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Title: Implementation of compulsory licensing of pharmaceuticals in Thailand
Author: Mohara, A.
ISNI:       0000 0004 7964 7244
Awarding Body: London School of Hygiene & Tropical Medicine
Current Institution: London School of Hygiene and Tropical Medicine (University of London)
Date of Award: 2017
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Intellectual property rights (IPRs) play an important role in creating incentives for innovations. To strengthen and harmonise global standards of IPRs, the WTO members established the international agreement on Trade Related Aspects of Intellectual Property Rights (TRIPS) and provided flexibilities for governments to safeguard social benefits of their countries. Compulsory licensing (CL) is one of the flexibilities under TRIPS that enables a government authority to use the licenses of patented medicines without patent-holders' permission. However, policy makers in many countries are reluctant to use CL to promote access to essential medicines. One explanation is that most countries are worried about the potential implications of using the policy, and they are uncertain about which implementation strategies might help avoid negative consequences. The aim of this PhD thesis is to propose a framework to aid decision-making and implementation of drug policy, focusing on CL under the condition of public non-commercial use and government use of license. This framework is designed to be used as a tool for policy makers in the Thai Ministry of Public Health, suggesting a list of policy elements to help them consider related elements for policy action in making a decision and implementing CL policy in order to minimise negative consequences of the CL. Mixed methods were employed to develop the framework. This study began by developing a preliminary framework based on generic elements of CL policy suggested by inter-governmental organisations. The preliminary framework was strengthened by incorporating lessons learnt from experiences of the former government of Thailand. The implications of CL policy decisions on certain drugs were evaluated in terms of lifetime cost savings compared across different drug types. This allowed the identification of key factors to be included in criteria for drug selection. In addition, the performance of the Thai government in policy implementation was evaluated in order to prioritise areas for improvement. Finally, the contents of the preliminary framework were assessed in terms of applicability to the Thai context. Any additional elements derived from experiences of the former government were used to strengthen the framework. The findings of this study suggest key elements, which should be included in the framework to aid decision-making and implementation of drug policy, focusing on CL policy. 32 elements were identified to be included in the framework. This study also suggests strategies for the decision-making process. Three additional factors are suggested to be incorporated in the drug selection criteria, in order to help policy makers to select the drugs that potentially create the greatest benefits from CL implementation. In addition, this study suggests strategies for the implementation process. The findings help prioritise four implementation areas, which should receive more attention within current CL implementation. This study closes with policy recommendations for the Thai government about the current and future use of CL policy to improve its performance, and also for other countries having the similar context to learn from the Thai experiences.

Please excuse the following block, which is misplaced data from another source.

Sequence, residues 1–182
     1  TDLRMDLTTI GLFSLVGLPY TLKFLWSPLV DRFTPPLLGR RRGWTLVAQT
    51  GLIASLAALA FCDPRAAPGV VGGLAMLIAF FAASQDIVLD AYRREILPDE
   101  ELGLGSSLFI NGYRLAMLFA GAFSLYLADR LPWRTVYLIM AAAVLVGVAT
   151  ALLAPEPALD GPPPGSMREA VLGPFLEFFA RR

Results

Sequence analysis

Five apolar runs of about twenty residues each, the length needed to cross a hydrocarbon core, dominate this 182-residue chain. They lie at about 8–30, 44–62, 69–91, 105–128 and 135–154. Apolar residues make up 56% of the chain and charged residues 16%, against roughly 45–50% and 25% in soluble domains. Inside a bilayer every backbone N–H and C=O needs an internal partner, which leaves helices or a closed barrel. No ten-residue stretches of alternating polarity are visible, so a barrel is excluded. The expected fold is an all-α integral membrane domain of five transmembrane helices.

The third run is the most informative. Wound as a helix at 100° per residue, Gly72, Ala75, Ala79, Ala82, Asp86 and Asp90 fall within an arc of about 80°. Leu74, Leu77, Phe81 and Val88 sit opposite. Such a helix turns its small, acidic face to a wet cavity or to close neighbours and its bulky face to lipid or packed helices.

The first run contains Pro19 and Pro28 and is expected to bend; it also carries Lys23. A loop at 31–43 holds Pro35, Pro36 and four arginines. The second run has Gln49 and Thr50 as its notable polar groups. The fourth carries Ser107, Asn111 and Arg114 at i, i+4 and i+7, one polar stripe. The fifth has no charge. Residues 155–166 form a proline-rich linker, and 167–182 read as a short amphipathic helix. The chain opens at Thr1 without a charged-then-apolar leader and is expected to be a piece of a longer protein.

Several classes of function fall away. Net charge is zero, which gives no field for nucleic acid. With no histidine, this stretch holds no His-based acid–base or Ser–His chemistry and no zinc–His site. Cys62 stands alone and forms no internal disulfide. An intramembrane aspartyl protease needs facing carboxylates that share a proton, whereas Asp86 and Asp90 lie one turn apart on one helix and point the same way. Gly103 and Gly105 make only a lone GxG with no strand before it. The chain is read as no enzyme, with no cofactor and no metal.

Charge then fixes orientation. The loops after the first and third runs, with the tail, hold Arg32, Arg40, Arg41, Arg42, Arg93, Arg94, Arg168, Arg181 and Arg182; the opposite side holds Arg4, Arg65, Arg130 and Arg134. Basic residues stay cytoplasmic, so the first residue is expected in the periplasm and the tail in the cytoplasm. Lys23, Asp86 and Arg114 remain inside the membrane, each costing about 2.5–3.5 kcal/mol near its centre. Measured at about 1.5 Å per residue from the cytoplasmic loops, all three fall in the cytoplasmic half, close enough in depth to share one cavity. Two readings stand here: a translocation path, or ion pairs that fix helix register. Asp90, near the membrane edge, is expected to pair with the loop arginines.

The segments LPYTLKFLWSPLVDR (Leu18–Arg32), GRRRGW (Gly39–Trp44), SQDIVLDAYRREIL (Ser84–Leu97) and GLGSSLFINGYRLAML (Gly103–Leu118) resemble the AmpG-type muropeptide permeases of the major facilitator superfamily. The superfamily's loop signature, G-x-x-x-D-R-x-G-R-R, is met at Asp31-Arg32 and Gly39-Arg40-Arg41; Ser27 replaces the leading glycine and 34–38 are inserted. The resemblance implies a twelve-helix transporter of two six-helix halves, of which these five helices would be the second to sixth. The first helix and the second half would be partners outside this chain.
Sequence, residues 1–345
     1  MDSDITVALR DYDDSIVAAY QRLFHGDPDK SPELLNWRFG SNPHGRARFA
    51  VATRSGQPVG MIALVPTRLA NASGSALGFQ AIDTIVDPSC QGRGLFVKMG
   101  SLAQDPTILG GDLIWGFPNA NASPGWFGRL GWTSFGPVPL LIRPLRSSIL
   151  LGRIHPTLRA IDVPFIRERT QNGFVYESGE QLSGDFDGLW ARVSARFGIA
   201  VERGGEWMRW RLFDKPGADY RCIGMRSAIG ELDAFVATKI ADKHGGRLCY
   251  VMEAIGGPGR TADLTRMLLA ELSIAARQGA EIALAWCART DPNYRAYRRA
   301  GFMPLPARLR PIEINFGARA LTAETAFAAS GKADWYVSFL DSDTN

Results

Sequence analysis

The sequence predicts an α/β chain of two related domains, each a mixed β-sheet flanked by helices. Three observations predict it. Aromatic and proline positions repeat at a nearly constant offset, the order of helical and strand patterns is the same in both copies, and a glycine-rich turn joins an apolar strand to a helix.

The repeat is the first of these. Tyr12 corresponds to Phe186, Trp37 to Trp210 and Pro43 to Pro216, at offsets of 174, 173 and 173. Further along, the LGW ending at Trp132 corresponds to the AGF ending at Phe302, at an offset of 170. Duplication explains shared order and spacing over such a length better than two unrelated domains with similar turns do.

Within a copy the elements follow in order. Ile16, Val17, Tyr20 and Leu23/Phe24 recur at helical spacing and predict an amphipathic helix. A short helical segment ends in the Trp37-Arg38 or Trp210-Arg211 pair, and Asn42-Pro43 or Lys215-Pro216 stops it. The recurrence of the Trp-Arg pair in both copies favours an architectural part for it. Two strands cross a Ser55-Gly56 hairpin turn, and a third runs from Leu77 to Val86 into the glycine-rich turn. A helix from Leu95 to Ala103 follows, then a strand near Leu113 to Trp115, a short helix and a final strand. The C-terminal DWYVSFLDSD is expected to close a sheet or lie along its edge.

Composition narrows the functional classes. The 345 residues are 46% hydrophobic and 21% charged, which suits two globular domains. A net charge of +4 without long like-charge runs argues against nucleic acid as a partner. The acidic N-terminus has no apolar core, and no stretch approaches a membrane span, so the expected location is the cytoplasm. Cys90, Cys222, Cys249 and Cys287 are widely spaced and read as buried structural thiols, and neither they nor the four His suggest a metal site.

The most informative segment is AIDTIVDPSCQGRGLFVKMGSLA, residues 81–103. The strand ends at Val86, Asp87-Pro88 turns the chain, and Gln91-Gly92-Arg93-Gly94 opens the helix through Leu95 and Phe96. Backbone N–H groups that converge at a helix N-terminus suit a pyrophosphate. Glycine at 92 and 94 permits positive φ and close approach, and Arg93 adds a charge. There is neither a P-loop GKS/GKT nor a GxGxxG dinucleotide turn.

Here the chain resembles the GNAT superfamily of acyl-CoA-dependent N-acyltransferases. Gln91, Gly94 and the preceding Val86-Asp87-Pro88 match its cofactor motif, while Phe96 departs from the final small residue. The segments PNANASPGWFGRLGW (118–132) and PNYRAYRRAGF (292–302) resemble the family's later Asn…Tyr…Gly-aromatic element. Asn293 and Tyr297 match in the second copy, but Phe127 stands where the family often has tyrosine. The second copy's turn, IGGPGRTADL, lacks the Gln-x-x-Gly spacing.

Supervisor: Griffiths, U. K. ; Mills, A. Sponsor: International Health Policy Programme and Health Insurance System Research Office, Ministry of Public Health of Thailand
Qualification Name: Thesis (Ph.D.) Qualification Level: Doctoral